Meghan Sullivan
Indian Country Today

It started with a simple idea: honor the Indigenous people whose land they were performing on.

Soon, alternative rock band Portugal the Man was incorporating a land acknowledgement into every one of their concerts -- their original idea reaching thousands, and growing in impact each time. 

Then in 2018, band member Zach Carothers made a spur of the moment decision to dedicate the acceptance speech for their first Grammy award to Alaska Native communities. 

“We'd like to rep this for all the kids in the villages — Shishmaref, Barrow, Bethel. All the Indigenous people in Alaska and around the world. You're beautiful and your culture is beautiful. Thank you for inspiring us,” Carothers said to an audience of nearly 20 million viewers after receiving a Grammy for their chart-topping single, “Feel It Still.” 

The response from fans around the world and Alaskan locals alike was overwhelmingly positive. From that moment, it became clear to the band that they had a platform they could utilize. Their Indigenous advocacy changed from casual partnerships, to a more formalized effort.

Born and raised in Alaska, founding band members Zach Carothers and John Gourley grew accustomed to Alaska Native culture being present on the land. With around 18 percent of the state’s population identifying as Indigenous, tribal heritage is visible in many aspects of the Alaskan lifestyle. As the band’s fame grew and they began to tour other states, seeking out information on Indigenous cultures in the various places they visited seemed to be a natural extension of their Alaskan upbringing.

“It is all about elevating the voices in the culture, and not just the problems -- this isn’t charity. We just like to pass the mic, to create a shared learning experience between us and the crowd,” Carothers said, explaining the band’s effort to invite Indigenous political leaders and artists to speak at their concerts.

Today, the band’s advocacy permeates many aspects of their public identity, from social media campaigns to song releases.

On Twitter and Instagram, their handle includes the hashtags #Landback and #MMIW, referencing Missing and Murdered Indigenous Women and Landback initiatives. Small efforts, which they described as ways to spark conversation for fans who might not be as familiar with the terms.

Their approach is unassuming, acknowledging that initiatives like landback might be intimidating to people new to the term. But in their view, that wasn’t an excuse to ignore the issue altogether.

“It's one of those things, where you just have to have a conversation and see where it goes,” he said. “We're just doing our part to keep that wheel moving.”

Music’s age-old uniting properties were something the band viewed as a tool as well. In the interview, Carothers painted a familiar Thanksgiving scene: relatives who were arguing over current events, but ended up coming together over their shared love for a popular song or movie.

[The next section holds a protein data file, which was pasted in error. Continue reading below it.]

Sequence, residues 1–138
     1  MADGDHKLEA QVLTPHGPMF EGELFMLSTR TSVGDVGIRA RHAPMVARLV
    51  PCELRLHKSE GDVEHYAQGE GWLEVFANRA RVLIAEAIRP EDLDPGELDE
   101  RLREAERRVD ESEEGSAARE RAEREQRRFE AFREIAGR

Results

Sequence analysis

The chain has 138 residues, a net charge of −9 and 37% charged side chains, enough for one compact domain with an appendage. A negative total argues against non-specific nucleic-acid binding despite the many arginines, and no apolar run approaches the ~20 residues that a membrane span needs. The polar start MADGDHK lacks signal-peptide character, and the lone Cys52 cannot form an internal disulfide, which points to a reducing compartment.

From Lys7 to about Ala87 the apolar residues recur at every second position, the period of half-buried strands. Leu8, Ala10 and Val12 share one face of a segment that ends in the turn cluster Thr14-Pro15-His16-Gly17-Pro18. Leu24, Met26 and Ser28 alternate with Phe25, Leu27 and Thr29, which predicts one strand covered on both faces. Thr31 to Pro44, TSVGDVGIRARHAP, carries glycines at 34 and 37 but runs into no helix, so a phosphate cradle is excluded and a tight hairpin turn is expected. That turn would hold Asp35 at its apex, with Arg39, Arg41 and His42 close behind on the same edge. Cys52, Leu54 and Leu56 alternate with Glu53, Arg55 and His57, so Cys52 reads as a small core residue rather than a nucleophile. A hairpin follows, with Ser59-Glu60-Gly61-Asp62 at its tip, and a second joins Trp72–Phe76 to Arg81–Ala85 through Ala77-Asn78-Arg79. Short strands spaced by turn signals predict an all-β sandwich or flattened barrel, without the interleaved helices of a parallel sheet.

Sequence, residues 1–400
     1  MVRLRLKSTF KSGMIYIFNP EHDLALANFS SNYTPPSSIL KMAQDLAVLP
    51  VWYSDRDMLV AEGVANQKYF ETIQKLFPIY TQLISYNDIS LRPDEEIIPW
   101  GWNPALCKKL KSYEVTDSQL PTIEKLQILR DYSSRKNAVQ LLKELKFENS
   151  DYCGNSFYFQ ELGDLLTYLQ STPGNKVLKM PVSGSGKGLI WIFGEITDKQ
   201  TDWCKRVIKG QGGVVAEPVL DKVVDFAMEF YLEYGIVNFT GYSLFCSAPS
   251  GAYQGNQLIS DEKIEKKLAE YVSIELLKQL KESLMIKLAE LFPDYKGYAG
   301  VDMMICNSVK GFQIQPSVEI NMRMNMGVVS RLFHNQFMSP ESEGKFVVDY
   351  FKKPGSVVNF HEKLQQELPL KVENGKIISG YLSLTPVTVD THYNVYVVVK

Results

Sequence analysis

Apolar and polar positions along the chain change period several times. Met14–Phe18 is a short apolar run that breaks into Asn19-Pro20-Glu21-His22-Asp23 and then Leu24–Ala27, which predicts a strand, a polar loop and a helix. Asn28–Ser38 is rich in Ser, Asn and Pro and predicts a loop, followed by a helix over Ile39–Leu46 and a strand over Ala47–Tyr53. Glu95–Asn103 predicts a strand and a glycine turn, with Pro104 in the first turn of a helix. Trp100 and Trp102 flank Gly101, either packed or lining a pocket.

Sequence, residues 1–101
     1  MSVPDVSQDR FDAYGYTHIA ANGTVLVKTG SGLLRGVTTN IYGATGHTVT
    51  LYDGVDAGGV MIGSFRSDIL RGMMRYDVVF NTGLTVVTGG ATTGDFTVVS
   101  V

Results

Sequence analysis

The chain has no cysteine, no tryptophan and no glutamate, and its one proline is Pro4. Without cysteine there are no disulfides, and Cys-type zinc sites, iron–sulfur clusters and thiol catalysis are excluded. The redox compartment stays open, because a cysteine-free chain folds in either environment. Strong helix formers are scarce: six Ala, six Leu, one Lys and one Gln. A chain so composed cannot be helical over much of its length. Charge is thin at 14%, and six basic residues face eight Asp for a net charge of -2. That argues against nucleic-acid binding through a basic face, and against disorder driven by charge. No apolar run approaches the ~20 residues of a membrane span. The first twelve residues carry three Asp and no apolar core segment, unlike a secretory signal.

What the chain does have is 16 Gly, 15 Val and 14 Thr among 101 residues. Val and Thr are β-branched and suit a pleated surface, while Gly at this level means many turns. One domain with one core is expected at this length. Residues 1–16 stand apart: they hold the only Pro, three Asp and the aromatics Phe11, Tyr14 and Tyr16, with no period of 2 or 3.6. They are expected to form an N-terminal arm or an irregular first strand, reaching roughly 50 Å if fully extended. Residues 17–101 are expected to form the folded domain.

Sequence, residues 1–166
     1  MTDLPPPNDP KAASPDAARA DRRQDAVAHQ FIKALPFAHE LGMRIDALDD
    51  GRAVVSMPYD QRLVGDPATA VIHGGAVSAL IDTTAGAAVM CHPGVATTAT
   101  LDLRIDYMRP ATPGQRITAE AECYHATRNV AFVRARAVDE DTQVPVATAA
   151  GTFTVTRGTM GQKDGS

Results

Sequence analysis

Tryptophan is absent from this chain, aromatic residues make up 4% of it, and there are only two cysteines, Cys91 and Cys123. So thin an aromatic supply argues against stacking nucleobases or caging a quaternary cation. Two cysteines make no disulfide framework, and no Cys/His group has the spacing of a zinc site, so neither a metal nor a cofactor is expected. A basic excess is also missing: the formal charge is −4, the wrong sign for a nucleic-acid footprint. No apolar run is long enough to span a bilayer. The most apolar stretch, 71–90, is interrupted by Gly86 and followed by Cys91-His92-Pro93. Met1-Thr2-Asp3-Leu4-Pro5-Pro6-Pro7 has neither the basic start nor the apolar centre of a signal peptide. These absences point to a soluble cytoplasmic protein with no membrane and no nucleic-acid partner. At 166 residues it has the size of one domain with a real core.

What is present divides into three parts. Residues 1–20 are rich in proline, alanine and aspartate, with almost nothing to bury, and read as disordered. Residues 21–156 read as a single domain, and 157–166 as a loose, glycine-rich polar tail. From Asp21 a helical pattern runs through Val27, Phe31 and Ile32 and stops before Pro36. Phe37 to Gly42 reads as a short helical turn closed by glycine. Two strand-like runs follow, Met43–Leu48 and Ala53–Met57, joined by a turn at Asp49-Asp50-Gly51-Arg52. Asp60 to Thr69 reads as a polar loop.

“In this day, when everything is so divisive and people argue a lot, using music and bringing in advocacy and truth into that is very important because it loosens people up, it helps them find common ground.”

In line with this belief, the band released a song last Indigenous People’s Day in collaboration with “Weird Al” Yankovic, and Portland-based hip-hop artist, The Last Artful Dodgr, titled, “Who’s Gone Stop Me.” The music video features world champion jingle dress dancer Acosia Red Elk, from the Umatilla tribe in Oregon. In the future, they hope to do more creative collaborations with Indigenous performers.

When keeping track of the growing list of community initiatives proved difficult, the band decided to formalize their efforts in the form of a foundation. In 2020, the PTM Foundation was born, which focuses on “highlighting the stories of Indigenous peoples.” The foundation’s website exhibits everything from community grants to help get out the Native vote, to videos of recent collaborations with Indigenous performers.

The band’s activism has garnered them several awards: the Legend Award at the Native American Music Awards, and the Public Sector Leadership Award from the National Congress of American Indians, to name a few. But while they have received recognition for their efforts, Carothers emphasized that they do not consider themselves experts by any means. Rather, they hoped their advocacy showed fans that anyone could get involved with social justice initiatives.

“When it comes to being any kind of ally, we're constantly learning. It’s important to understand that you don't know a lot of things, and you should never have your own agendas,” he said. “We just want to listen, and help further Native peoples’ plans.”

This was especially important in today’s era, when Carothers felt there sometimes could be a slight pretension involved with celebrity activism, a sort of “I know more than you about certain things” attitude.

“You don’t have to be rich. You don't have to be a knight in shining armor. Just recycle your beer cans, respect the land, respect the people on it. Do the right thing,” he said.

In the coming years, the band hopes to continue sharing what they’ve learned with fans, building out their advocacy network, and centering Indigenous voices.

“There are so many things that we didn't know, that we didn't read in grade school,” he said. “So many truths are hidden.”

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Meghan Fate Sullivan, Koyukon Athabascan, is a writer for Indian Country Today. She grew up in Alaska, and is currently reporting on her home state from Anchorage.